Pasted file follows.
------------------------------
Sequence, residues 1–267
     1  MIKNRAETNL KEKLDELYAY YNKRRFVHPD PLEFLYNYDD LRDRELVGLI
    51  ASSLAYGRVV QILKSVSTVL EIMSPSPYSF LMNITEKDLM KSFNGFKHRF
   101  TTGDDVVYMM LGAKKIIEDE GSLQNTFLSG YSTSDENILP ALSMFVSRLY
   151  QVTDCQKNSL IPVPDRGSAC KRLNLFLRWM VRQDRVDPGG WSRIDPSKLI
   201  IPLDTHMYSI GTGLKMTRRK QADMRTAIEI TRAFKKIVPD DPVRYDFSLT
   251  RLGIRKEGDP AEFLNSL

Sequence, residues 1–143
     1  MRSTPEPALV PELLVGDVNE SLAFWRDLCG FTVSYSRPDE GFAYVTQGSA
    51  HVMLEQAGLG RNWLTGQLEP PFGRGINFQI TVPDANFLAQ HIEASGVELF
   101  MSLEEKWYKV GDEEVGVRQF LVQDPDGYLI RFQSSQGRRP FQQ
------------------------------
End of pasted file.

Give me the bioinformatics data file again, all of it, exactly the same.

Sequence, residues 1–267
     1  MIKNRAETNL KEKLDELYAY YNKRRFVHPD PLEFLYNYDD LRDRELVGLI
    51  ASSLAYGRVV QILKSVSTVL EIMSPSPYSF LMNITEKDLM KSFNGFKHRF
   101  TTGDDVVYMM LGAKKIIEDE GSLQNTFLSG YSTSDENILP ALSMFVSRLY
   151  QVTDCQKNSL IPVPDRGSAC KRLNLFLRWM VRQDRVDPGG WSRIDPSKLI
   201  IPLDTHMYSI GTGLKMTRRK QADMRTAIEI TRAFKKIVPD DPVRYDFSLT
   251  RLGIRKEGDP AEFLNSL

Sequence, residues 1–143
     1  MRSTPEPALV PELLVGDVNE SLAFWRDLCG FTVSYSRPDE GFAYVTQGSA
    51  HVMLEQAGLG RNWLTGQLEP PFGRGINFQI TVPDANFLAQ HIEASGVELF
   101  MSLEEKWYKV GDEEVGVRQF LVQDPDGYLI RFQSSQGRRP FQQ